I'm trying to transmit a file over sockets which works just fine if I close the connection immediatly after that Now I would like to keep sending commands to the server after the upload is complete, but the server simply ignores them and thinks that there are more lines coming for the file

Here's my code so far Client:

def client_sender():
  global upload
  client = socket.socket(socket.AF_INET, socket.SOCK_STREAM)

      print target
      print port
      client.connect((target, port))

      if upload:
          with open(upload_destination, "rb") as f:
              for line in f:
          upload = False

      print client.recv(1024)
      buffer = ""
      buffer = sys.stdin.read()
#... some code for sending commands and receiving a response


def handle_client(client_socket):
    global upload
    print "Client connected"
    if upload:
        file_buffer = ""
        while True:
            data = client_socket.recv(1024)
            if data.rstrip() == "DONE":
            file_buffer += data
            file_descriptor = open(upload_destination, 'wb')

            client_socket.send("Successfully placed the file in %s" %upload_destination)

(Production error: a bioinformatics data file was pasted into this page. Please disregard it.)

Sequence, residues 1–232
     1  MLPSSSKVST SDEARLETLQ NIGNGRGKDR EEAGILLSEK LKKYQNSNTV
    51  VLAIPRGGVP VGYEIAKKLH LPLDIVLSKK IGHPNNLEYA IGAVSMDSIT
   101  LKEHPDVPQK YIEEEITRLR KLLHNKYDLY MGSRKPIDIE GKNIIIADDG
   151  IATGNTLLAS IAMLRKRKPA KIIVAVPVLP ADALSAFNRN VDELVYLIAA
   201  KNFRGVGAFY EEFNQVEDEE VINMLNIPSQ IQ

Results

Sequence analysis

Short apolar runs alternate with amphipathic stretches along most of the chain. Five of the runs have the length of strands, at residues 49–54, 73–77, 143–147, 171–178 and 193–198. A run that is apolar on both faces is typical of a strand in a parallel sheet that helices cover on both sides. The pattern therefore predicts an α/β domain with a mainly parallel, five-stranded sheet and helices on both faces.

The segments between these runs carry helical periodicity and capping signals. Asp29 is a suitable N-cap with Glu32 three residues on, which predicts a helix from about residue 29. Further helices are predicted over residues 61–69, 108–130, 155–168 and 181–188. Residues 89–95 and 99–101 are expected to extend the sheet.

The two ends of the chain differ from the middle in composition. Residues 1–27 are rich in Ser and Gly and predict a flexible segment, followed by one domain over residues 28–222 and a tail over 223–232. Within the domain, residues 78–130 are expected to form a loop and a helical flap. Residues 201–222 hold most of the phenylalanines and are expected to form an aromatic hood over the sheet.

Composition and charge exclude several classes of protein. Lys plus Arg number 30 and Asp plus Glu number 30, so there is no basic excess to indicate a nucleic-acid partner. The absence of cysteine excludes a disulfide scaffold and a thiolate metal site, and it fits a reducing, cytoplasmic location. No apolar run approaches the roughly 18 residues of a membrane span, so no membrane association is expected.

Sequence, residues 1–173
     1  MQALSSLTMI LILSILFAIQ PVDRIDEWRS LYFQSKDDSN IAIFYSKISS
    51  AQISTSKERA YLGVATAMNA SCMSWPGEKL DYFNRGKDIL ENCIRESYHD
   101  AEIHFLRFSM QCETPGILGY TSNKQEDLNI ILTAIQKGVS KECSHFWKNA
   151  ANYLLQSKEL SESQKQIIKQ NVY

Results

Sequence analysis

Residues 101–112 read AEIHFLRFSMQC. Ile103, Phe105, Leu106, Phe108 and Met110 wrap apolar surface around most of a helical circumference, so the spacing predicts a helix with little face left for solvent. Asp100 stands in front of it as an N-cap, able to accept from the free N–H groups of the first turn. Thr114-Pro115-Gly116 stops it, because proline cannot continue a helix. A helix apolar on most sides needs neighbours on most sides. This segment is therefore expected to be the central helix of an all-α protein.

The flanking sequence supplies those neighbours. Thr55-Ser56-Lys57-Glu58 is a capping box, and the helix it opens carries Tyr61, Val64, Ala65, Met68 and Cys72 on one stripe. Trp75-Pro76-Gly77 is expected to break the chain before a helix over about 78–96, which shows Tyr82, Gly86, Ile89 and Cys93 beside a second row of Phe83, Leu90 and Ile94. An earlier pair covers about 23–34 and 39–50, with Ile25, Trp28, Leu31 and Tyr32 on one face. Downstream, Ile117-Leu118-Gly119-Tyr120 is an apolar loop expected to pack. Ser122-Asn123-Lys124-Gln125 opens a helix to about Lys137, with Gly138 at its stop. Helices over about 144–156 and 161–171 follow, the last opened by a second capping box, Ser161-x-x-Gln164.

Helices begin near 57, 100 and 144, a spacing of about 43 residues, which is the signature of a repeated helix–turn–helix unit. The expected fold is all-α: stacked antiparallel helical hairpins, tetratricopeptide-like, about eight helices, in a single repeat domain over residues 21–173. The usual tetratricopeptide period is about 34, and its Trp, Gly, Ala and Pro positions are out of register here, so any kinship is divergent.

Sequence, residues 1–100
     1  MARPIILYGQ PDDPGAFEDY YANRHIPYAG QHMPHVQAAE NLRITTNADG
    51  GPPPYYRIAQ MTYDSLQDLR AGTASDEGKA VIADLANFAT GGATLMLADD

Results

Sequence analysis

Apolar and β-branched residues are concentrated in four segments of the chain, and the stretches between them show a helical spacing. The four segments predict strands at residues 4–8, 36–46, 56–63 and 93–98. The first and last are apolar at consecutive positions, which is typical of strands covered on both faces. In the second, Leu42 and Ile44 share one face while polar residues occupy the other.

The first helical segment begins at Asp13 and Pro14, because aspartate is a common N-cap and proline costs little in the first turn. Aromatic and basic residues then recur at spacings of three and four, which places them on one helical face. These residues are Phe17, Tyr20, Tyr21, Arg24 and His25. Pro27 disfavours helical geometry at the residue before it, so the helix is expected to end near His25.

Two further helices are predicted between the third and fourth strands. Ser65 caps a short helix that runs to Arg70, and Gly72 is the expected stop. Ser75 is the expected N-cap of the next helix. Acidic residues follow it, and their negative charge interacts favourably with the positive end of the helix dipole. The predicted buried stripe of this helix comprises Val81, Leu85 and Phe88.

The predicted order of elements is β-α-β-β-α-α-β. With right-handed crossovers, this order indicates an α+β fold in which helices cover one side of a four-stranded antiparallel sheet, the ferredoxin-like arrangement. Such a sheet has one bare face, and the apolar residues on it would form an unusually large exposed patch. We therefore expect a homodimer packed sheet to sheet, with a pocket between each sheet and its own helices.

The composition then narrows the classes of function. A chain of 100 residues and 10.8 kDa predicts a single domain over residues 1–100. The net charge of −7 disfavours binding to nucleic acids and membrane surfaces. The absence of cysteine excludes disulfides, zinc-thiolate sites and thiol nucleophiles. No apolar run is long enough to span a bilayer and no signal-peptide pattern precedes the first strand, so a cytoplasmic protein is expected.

client_socket.send("Failed writing to the file")

        upload = False
#... same as client, just some more code for commands
  • 1
    It will be interesting to see what happens if the file contains DONE. – mhawke May 15 '16 at 22:53
  • This was meant to transfer compiled C programms which I have written so there is no way in which this could backfire – Aginu May 15 '16 at 22:59

Try printing the value of data after data = client_socket.recv(1024) You will probably see something like: "endofthefile\nDONE\r\n".

So when you run rstrip on that, you would get: "endofthefile\nDONE", which is not equal to "DONE".

You should rewrite your while loop like this:

    while True:
        data = client_socket.recv(1024)
        for line in data.split('\n'):
            if data.rstrip() == "DONE":
            file_buffer += line + '\n'

You may also want to use this on the client side for announcing the end: client.sendall("DONE\r\n"). sendall flushes the client's buffer immediately, instead of waiting for some more data to be sent in the same packet.

Off-topic, but I suggest you change your protocol. It won't work if the file contains the line DONE; and it is unefficient to split lines on the server like that. A better way would be for the client to announce the size of the file, then proceeds to sending it, so the server knows exactly when to stop reading.

  • I've tried your code example but it doesn't really solve the problem However, your suggestion to change the protocol sounds pretty good, so I will give it a try! Thank you very much! – Aginu May 15 '16 at 22:53

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